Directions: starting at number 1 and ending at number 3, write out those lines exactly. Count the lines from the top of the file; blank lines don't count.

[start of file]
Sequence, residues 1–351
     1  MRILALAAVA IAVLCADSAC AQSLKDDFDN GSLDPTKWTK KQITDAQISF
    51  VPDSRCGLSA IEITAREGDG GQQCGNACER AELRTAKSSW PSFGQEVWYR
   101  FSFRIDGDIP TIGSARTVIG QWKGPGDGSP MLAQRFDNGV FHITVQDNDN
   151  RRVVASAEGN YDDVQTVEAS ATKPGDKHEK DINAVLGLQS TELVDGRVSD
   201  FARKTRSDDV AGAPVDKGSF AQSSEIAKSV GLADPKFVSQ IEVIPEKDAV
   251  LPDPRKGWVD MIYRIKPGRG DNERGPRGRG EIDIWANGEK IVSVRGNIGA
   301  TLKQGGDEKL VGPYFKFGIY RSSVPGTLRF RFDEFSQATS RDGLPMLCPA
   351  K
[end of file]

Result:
Sequence, residues 1–351
     1  MRILALAAVA IAVLCADSAC AQSLKDDFDN GSLDPTKWTK KQITDAQISF
    51  VPDSRCGLSA IEITAREGDG GQQCGNACER AELRTAKSSW PSFGQEVWYR